In a world where no one can agree on anything, Elliotte Friedman has universal appeal. He’s become one of the truly respected men in the sport almost overnight in historic terms, and does it the old fashioned way: hard work.
Friedman is a Godsend for Oiler fans, they’re a story worth Friedman’s time because the future of Hall, Nuge, Yak and Eberle is compelling for all fans. If they screw it up in Edmonton, maybe one of those guys ends up in Toronto for Jake Gardiner! OR, maybe Yakupov to Montreal for some New Brunswick maple syrup and a Michel Pagliaro .45 (go for “Some Sing, Some Dance” “What the Hell I Got” or the lovely “Rainshowers” if it comes to that).
Anyway, Friedman’s 30 thoughts this past week was a double-album’s worth of what’s ahead on the blacktop in 2014 for Edmonton.
FRIEDMAN’S KILLER QUOTES
- At some point, most likely after the season, major surgery is coming. All Oilers general manager Craig MacTavish must decide is where to perform the operation.
- MacTavish sees the games better than all of us who talk about them. It’s the same on-ice mistakes killing their chances. You can talk about the goaltending, the lack of size, the lack of depth, whatever.
- At some point, it’s no longer coaching. It’s about the way the group chooses to play.
- But this could go even bigger.
- The salary cap is going up and the average annual values going up with it. Why are teams chasing Evander Kane and MaxPacioretty? Because they are locked up long-term to contracts of excellent value.
- How long is it going to be before Jordan Eberle, Taylor Hall and Ryan Nugent-Hoplins are seen the same way?
I’ve quoted too much, but wanted to see it as Friedman framed the issue—the “but this could go even bigger” angle—because it’s the most exciting and dangerous. Let me say first that it doesn’t make a lot of sense to deal Hall or Nuge, and I’m pretty sure there are no plans to deal Eberle. I’m less certain about Yakupov (but hopeful) and would think that all of Gagner, Justin Schultz and Ales Hemsky are available for the right price.
Let me cover each player one at a time:
- Sam Gagner may have a no trade, but his season is askew and he probably has the rest of the season to make good. MacT’s word is solid I’m sure, but Gagner’s wayward ways (and I understand he was hurt) need to end rfn (two weeks ago it was pdq).
- Justin Schultz is not having a good season at all. A lot of this is confidence I’m sure (Ralph was clearly hockey’s Sparky Anderson, a prospect whisperer) but at some point the defense has to stop making these damn dog whistle errors.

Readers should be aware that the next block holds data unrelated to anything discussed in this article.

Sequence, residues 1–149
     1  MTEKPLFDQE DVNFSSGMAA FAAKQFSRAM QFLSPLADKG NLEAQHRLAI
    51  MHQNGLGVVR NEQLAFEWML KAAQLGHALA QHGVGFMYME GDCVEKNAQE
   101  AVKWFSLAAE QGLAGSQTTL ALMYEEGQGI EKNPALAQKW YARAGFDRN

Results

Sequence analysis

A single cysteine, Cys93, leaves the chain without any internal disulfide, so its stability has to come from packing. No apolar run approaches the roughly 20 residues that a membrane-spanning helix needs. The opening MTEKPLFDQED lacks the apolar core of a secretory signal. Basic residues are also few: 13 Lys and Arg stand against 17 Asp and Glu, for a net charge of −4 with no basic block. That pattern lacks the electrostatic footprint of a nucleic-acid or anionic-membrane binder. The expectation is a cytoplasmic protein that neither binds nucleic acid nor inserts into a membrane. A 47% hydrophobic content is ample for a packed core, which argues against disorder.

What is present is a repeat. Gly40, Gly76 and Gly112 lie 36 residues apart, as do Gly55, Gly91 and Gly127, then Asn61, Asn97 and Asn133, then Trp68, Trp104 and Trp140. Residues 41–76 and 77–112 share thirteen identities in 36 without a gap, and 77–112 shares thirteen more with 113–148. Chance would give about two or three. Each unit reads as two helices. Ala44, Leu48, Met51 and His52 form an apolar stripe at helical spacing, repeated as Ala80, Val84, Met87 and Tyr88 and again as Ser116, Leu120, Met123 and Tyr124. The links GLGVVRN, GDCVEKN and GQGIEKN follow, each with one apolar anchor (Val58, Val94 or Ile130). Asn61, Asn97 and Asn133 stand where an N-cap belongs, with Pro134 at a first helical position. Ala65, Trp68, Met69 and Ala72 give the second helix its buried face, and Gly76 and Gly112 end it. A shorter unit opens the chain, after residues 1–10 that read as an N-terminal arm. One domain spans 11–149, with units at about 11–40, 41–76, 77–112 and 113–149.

- Ales Hemsky gets a contract or he’s gone, there’s no neutral ground. I’m hoping contract.
THE OTHER WAY
Of course, MacT doesn’t have to trade any of the big four up front, he could go another route. The first defense MacTavish rolled out in Edmonton 2000-01 lacked superstars but everyone could do something well:
- Janne Niinimaa, 25, was a wonderful passer and PP option. His headman passes were brilliant in the old era, today he’d be an All-Star. Had some defensive lapses, but played 25 minutes a night.
- Tom Poti, 23, was a chaos D but could skate the puck up ice, pass expertly and had a large wingspan. He was not a brilliant defensive player.
- Igor Ulanov, 31, didn’t do it in a fancy way but got the job done. The guy worked hard every night, hell I always got the feeling that as long as there was vodka and herring he’d be in the league.
- Eric Brewer, 21, who made the usual rookie mistakes but also brought uniqueness to the group. He could close a gap in a heartbeat, had good range and toughness, plus he could do a little offensivey.
- Jason Smith, 27, in his prime and a brilliant player. Smith played with a lot of bite he was rugged and tough and filthy as required. Smith set the tone for the team defensively, and I think was very underrated for his mobility. Smith could scoot.
- Sean Brown, 24, tough guy and a kiss defenseman (MacT loved his keep it simple stupid defensemen).
When Frank Musil got hurt they cast about looking for a replacement and would eventually find Steve Staios, who was a Smith-type with a little more offense. Basically, he had exactly one guy we would call a two-way player (Brewer) and then some defensive guys who had some offense (Smith, Staios) and some offensive guys who could play a little defense (Niinimaa, Poti) plus the Russian Cocket.
Today’s Oiler team has a two-way player in the Brewer role (Petry), an offensive guy who can play in the Niinimaa/Poti style (Justin Schultz) and I think Belov fits in the Ulanov role pretty well. What they’re missing is the Jason Smith-Steve Staios type players—although I think that’s the role they wanted Nick Schultz (and Laddy) to play. Andrew Ference fits the description, but only in a ‘back of the roster’ manner—I don’t think he’s going to play a top 4 role unless it’s with Petry on a second pairing. Back in the olden days, the Oilers could find these guys at midnight in a snowstorm, how they grabbed Staios for nothing is a big part of the story of MacT’s coaching era.
If they merely keep Petry, Justin Schultz and Belov, and then add a Jason Smith/Steve Staios or two, could that be enough to get them into the playoffs? Men like Henrik Tallinder, Dan Girardi and Nikita Nikitin aren’t as sexy as Shea Weber, but they don’t cost an impact forward either.